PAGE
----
The press release is now available on our website at The abstracts are available on the EHA website at In recognition of the IMbark policies of EHA, our discussion on this call will be limited to the data information contained in the abstracts and our press release this morning.

The first abstract, which has been accepted for an oral presentation on Saturday, June 15th, contains updated efficacy and safety data from 38 patients in the Phase 2 portion of IMerge. As a reminder, IMerge is a two part clinical trial of Imetelstat in transfusion-dependent patients with low or Intermediate-1 risk myelodysplastic syndromes, also referred to as a lower risk MDS.

The first part is designed as a Phase 2 clinical trial in transfusion-dependent non-del (5q) lower risk MDS patients who are relapsed or refractory to erythropoiesis stimulating agent and are naïve to hypomethylating agent and lenalidomide treatment.

The primary efficacy endpoint of the trial is 8-week TI rate, which is defined as the proportion of patients without any red blood cell transfusion, known as the transfusion independence or TI during any consecutive 8-weeks since entry into the trial.

In the preliminary data set used to prepare the abstract, the 8-week TI rate was 45%, meaning 17 of 38 patients achieved transfusion dependence for at least 8 consecutive weeks. Based on data from the most recent clinical cut-off date, used to prepare the IMerge clinical data for the transition of the Imetelstat program to Geron, the 8-week TI rate is 42%, meaning 16 of 38 patients achieved TI for consecutive 8-weeks.

This is an increase of two new responders compared to the 8-week TI rate of 37% reported at the American Society of Hematology Annual Meeting in December 2018. As stated in the abstract, the most frequently reported adverse events were manageable and reversible grade 3 and grade 4 cytopenias.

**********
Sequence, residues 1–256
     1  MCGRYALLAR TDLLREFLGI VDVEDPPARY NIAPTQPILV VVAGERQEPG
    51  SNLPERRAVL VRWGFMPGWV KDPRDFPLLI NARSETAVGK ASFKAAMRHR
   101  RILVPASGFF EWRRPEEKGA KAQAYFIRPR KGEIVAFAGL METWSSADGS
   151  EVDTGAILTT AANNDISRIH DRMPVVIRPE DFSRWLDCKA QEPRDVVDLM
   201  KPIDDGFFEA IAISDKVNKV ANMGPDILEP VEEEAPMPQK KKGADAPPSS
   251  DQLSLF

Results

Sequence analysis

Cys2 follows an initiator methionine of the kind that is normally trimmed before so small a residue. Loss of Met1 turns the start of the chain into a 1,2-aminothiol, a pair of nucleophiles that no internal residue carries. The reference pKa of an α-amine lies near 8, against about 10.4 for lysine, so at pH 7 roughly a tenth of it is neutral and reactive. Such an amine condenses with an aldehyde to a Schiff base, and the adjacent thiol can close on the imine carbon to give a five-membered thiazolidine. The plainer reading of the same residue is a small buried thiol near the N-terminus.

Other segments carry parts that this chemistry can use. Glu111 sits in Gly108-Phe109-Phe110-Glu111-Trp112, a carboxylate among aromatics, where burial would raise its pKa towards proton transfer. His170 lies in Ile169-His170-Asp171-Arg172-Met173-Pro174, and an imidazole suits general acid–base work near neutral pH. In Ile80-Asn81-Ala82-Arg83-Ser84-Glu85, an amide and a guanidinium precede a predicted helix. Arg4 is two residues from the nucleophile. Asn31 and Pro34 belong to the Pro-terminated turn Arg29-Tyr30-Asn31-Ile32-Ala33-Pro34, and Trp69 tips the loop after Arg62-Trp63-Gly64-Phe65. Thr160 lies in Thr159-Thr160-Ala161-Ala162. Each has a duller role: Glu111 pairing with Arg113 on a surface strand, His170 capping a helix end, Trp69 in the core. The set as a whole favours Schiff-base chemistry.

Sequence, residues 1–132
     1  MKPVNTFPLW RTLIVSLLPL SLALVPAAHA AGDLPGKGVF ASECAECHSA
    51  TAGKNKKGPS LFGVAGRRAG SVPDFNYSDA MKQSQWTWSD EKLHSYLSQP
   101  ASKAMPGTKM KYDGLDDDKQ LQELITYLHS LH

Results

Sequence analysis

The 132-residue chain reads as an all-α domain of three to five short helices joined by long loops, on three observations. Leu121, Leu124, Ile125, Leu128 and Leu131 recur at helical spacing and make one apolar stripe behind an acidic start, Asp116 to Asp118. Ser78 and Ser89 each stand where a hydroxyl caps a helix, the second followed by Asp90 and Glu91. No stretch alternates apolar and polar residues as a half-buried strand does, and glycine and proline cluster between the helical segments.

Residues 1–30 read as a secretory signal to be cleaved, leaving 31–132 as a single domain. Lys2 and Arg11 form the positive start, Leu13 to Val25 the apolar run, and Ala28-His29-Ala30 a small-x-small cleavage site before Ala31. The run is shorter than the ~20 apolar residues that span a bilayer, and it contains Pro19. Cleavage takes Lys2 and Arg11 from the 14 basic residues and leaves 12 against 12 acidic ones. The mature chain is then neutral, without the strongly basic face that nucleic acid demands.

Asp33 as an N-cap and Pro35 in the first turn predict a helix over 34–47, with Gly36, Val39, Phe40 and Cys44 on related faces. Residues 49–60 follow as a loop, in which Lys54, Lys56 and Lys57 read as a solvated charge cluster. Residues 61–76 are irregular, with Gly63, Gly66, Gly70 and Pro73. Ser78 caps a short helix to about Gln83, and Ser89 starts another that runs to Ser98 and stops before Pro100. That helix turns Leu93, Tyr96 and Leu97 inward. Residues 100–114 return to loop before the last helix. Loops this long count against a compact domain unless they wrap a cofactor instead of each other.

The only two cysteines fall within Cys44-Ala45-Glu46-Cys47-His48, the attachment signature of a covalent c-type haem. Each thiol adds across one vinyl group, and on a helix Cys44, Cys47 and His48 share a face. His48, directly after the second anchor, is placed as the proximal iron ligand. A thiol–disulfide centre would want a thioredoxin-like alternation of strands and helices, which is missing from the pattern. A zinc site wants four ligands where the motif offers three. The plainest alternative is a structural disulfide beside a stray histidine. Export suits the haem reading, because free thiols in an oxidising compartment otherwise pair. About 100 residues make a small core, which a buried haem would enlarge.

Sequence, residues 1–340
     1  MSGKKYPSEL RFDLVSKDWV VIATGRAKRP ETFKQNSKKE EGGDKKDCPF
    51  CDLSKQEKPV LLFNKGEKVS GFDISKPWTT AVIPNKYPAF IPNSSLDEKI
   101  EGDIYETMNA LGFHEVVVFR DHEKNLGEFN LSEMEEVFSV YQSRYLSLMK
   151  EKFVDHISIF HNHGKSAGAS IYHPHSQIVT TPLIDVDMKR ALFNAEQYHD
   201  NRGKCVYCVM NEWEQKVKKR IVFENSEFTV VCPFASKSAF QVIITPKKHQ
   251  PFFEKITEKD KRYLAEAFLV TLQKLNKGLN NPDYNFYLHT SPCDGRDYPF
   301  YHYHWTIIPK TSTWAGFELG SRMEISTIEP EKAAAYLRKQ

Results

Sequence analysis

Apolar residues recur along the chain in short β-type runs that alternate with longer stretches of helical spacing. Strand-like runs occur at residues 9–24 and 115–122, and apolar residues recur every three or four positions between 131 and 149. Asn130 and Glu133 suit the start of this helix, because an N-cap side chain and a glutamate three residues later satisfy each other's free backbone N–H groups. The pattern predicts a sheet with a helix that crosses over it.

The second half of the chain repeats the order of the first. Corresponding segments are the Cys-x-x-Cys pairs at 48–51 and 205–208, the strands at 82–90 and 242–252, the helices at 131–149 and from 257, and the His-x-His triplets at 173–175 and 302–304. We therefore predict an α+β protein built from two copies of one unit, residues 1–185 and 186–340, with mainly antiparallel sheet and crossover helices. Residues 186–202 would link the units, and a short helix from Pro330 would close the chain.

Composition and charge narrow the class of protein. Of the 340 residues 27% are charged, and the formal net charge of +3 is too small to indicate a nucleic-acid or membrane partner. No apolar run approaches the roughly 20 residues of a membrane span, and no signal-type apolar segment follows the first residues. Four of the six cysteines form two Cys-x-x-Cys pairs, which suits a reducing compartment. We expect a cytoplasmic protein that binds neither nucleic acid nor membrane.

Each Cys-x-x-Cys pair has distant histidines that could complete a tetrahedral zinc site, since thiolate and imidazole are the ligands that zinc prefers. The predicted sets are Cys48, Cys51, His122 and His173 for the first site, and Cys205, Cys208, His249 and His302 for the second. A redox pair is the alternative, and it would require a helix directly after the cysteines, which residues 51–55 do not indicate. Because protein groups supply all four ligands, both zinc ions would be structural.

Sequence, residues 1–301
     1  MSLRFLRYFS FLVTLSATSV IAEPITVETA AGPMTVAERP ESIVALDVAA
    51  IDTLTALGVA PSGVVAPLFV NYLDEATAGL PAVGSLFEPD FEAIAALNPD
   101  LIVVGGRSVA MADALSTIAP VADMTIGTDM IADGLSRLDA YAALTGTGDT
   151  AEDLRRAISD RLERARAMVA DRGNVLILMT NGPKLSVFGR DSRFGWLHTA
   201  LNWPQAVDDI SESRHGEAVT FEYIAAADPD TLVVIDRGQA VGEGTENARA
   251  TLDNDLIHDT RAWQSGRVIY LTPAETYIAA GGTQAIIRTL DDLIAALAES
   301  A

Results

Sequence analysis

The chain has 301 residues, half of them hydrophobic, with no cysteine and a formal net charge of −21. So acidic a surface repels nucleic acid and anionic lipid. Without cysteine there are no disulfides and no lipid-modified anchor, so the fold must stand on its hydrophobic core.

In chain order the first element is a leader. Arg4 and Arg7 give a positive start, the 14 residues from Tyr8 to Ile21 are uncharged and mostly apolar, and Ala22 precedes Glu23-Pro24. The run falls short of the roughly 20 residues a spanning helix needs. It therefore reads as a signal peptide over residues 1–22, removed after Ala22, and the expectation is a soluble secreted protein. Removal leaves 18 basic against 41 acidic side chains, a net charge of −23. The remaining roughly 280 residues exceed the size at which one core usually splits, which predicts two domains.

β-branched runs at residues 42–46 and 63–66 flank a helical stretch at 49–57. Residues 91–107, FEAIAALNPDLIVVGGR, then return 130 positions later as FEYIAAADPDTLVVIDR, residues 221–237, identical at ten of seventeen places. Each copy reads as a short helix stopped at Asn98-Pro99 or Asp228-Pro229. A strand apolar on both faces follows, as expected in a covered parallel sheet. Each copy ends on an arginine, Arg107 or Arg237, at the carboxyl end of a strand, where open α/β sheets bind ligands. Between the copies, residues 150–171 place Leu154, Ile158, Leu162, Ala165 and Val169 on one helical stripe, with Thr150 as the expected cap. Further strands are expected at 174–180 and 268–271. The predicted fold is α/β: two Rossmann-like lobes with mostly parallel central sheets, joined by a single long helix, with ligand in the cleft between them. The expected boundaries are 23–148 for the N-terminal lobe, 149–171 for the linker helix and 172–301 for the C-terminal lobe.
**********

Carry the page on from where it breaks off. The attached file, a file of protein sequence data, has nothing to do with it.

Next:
We expect more mature efficacy and safety data to be presented at the oral presentation at the EHA Congress. These data further supports the initiation of the Phase 3 portion of IMerge, which we plan to open for screening and enrollment by mid-year 2019.

I will now move to the second abstract, which has been accepted as a poster presentation, and contains analysis of overall survival data from the IMbark Phase 2 clinical trial, Intermediate-2 or High-risk myelofibrosis patients who are relapsed/refractory to a JAK inhibitor and were treated with 9.4 milligram per kilogram of Imetelstat.

The overall survival or OS data from the IMbark Clinical trial were compared to real world data collected at the Moffitt Cancer Center from patients who had discontinued treatments from a JAK inhibitor and were subsequently treated with best available therapy.

To make a comparison between the IMbark Phase and the real-world data, a cohort from the real-world data was identified that closely match the IMbark patients using several clinically relevant baseline patient characteristics. These include platelet count, screen size time from diagnosis of the disease to JAK inhibitor discontinuation and myelofibrosis type.

As a next step, propensity score analyses were performed and showed that the calculated median OS was approximately 31 months with the Imetelstat treatment compared to approximately 12 months with best available therapy.

As stated in the abstract these analyses suggest that treatment with Imetelstat is associated with the lower risk of death when compared to best available therapy from closely matched real world data.

We expect further detail from the OS analyses to be provided in the poster presentation on Saturday, June 15 at the EHA Conference. In addition to this commentary about the two EHA abstracts, I’m also pleased to announce the appointment of Dr. Ying Wan as a President of Biometrics to my team.

Ying has more than 17 years of biometrics experience within oncology drug development. Prior to joining us, Ying was Director and Functional Leader in the Oncology Statistics and Decision Sciences Group at Janssen. Ying tenure at Janssen spend 12 years including leading statistical strategy for imetelstat and most recently multiple solid tumor programs across all stages of development. We are very fortunate to gain her deep expertise in biometrics.

With that, let me turn the call back to Chip.

John Scarlett

Thanks Aleksandra. As we announced in the press release this morning we’re revising our objective to communicate a decision whether to pursue late-stage development in relapsed/refractory MF by the end of the third quarter of 2019.